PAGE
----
At the hotel in Austin, just down the corridor from where Christie lit into Trump and DeSantis, former Vice President Mike Pence sat down with me, inscribed a copy of his book and then offered his version of what the former New Jersey governor had just delivered privately to the donors.
“The Bible says if the trumpet does not sound a clear call who will know to get ready for battle,” Pence said. “To me it’s a function of leadership.”
He was talking, as Christie was, about DeSantis’s straddle on Ukraine, an apparent effort to avoid taking sides on what’s the biggest bright-line divide so far in the 2024 Republican primary.
DeSantis said last month in a Fox News interview that it wasn’t wise to tempt a wider war, downplayed the prospect Russia may invade other European countries and denounced what he called Biden’s “blank-check” aid to Ukraine. What he didn’t do was take a forceful stance aligning himself with the populist or internationalist wing of his party on the larger question of America’s role in the conflict.
It was a brief first look at the governor’s foreign policy thinking, which he delivered off the cuff on a morning program known more for its curvy couch than hard-hitting questions.
To the rest of the Republican aspirants it was something else entirely: tempting.
Speaking on the first anniversary of the Ukraine war, Pence rejected, with a characteristic reference to scripture, DeSantis’s uncertain trumpet. “We’ve got to speak plainly to the American people about the threats that we face,” said the former vice president, calling for “strong American leadership on the world stage.”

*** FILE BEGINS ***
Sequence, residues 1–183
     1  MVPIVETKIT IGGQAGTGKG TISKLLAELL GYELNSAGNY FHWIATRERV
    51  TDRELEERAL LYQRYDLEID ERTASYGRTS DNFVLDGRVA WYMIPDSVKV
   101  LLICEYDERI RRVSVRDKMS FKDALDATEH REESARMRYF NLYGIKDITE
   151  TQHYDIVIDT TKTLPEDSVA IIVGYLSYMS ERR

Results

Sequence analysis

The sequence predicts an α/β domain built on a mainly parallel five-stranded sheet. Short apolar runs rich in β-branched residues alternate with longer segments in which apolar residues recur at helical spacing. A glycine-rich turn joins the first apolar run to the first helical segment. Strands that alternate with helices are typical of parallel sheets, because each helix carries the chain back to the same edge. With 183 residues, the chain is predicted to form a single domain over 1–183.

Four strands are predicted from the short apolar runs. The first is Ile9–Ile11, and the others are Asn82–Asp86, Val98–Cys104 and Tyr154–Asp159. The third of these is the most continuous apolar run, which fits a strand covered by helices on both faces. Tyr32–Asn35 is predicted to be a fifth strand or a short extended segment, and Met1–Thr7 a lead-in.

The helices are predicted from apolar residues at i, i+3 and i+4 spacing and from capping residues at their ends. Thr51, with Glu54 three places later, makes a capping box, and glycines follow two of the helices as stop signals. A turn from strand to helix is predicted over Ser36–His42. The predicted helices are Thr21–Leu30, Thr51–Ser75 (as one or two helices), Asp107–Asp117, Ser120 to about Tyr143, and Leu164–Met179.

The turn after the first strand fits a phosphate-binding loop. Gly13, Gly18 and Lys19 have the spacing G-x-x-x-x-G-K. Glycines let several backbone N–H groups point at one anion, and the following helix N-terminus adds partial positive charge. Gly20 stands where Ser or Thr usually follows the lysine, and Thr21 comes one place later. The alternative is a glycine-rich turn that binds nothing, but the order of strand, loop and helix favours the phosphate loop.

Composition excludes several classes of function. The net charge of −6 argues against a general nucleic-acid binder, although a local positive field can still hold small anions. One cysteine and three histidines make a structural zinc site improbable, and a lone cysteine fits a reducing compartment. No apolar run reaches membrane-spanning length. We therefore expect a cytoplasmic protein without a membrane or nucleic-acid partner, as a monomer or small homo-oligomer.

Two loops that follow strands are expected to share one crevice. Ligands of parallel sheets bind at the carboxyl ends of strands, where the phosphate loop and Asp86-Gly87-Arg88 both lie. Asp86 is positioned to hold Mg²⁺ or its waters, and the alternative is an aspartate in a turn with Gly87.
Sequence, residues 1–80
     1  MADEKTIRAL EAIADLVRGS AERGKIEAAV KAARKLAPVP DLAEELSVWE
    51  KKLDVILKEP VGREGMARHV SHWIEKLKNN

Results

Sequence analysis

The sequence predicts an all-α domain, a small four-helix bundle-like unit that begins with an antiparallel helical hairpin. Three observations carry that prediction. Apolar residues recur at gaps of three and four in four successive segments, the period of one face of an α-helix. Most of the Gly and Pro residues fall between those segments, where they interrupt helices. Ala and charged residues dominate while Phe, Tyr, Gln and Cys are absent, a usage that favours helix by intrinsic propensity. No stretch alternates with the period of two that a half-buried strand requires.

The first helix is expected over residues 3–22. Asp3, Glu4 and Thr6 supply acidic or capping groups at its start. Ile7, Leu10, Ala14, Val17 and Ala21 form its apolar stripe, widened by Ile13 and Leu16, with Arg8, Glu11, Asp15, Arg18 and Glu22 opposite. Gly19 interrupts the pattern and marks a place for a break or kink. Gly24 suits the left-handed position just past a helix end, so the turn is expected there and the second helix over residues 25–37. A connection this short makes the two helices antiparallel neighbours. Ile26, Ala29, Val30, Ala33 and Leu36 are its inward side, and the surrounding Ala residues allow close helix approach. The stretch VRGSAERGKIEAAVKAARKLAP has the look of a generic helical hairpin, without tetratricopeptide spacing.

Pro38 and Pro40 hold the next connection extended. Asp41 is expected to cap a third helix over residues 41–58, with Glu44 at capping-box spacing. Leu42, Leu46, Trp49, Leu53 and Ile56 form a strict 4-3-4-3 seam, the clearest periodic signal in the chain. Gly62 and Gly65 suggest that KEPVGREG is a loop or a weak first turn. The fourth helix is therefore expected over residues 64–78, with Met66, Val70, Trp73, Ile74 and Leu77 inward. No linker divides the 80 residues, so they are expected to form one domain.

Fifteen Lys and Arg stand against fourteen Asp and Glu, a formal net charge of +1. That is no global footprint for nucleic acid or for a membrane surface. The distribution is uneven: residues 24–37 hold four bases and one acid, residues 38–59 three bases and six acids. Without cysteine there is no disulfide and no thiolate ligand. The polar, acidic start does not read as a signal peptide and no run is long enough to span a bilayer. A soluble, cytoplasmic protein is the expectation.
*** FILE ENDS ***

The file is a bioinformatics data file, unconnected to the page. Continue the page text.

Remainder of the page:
Firmly aligning himself with the pre-Trump party from which he came, Pence said he had “no illusions about Putin,” invoked Ronald Reagan and said when “Russia is on the move, when authoritarian regimes like China are threatening their neighbors, we need to meet that moment with American strength.”
Then he left the resort, went over to the University of Texas and delivered a speech that could have just as easily been given by a former Austin resident, the last Republican president before the one Pence served.
“If we surrender to the siren song of those in this country who argue that America has no interest in freedom’s cause, history teaches we may soon send our own into harm’s way to defend our freedom and the freedom of nations in our alliance,” Pence said, standing in front of side-by-side American and Ukrainian flags and declaring there’s only “room for champions of freedom” in the GOP.
Which may come as a surprise to the Republican frontrunner and much of Fox News’s primetime lineup.
But those would-be candidates hoping to compete for the 60-plus percent of primary voters unlikely to back Trump, a demographic which overlaps with the more hawkish wing of the party, see their opening.
“I’m absolutely shocked when I hear Republicans talk about not defending Ukraine and not ensuring America is strong across the planet,” New Hampshire Gov. Chris Sununu told me after his address to the donors in Austin, which was officially sponsored by the Texas Voter Engagement Project but largely convened by Karl Rove. (DeSantis did not attend because he had his own gathering in Florida getting underway.)
Sununu then turned to confront DeSantis directly on Ukraine, catching himself at the last second.
“Stop trying to have it,” he began, “not just to Ron but to anybody: you can’t have it both ways.”